Networking, or leveraging your business and personal connections, can help you start a company or bring in new business, says Ivan Misner, head of business-networking company BNI. Those connections might include colleagues, fellow alumni, business acquaintances and experts in your field of interest.
Brandi Temple of Lexington, North Carolina, designs and manufactures children’s clothing. She networked almost by accident. When she wanted ideas to help build her business, she found that her church and Little League Baseball contacts could help. One friend connected Temple to an investor who was able to lend her startup capital.
While Temple’s Lolly Wolly Doodle, now a $13 million company, offers a good example of how networking pays off, some people find networking hard. Publications like INC. magazine, Forbes and Huffington Post offer tips that can help.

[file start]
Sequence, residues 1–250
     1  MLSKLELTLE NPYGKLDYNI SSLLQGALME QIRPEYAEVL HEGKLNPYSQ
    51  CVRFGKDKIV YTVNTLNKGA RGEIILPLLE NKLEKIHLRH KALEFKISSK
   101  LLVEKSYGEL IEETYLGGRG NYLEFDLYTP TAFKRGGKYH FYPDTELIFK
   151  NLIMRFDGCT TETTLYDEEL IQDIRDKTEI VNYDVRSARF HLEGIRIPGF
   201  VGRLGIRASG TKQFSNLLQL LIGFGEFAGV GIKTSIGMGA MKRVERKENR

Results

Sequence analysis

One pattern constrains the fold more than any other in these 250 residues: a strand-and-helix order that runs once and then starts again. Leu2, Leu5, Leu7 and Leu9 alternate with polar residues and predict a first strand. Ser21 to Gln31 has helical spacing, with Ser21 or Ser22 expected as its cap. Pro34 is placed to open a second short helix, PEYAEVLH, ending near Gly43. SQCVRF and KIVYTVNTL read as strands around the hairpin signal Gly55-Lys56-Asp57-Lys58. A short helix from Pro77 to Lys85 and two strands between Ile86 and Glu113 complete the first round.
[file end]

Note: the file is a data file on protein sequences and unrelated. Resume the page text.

It’s hard to ask and, anyway, I don’t have connections
Experts suggest this: Show up at conferences and networking events, shake hands, collect cards and then follow up with the most promising contacts. That works well, particularly if you’re part of a business circle or live where people rely mostly on face-to-face contacts to build business relationships. Some entrepreneurs in the Millennial Trains Project network ideas while riding the rails.
Olivia Fox Cabane views networking not just as good business but as a lifestyle. “Networking can happen anytime, anywhere,” the leadership coach told BusinessNetworkingAdvice.com. People you meet in your day-to-day activities may prove to be valuable connections in the future, she said. Just learn about them in advance if possible, approach them when they don’t seem too busy and have something to say to initiate a conversation.
In a recent discussion hosted by the U.S. Department of State, Anna Birch, president of Adventure Links, and Ghanaian entrepreneurs Kojo Oppong-Nkrumah and Francesca Brenda Opoku said building a network of like-minded peers is part of building a business.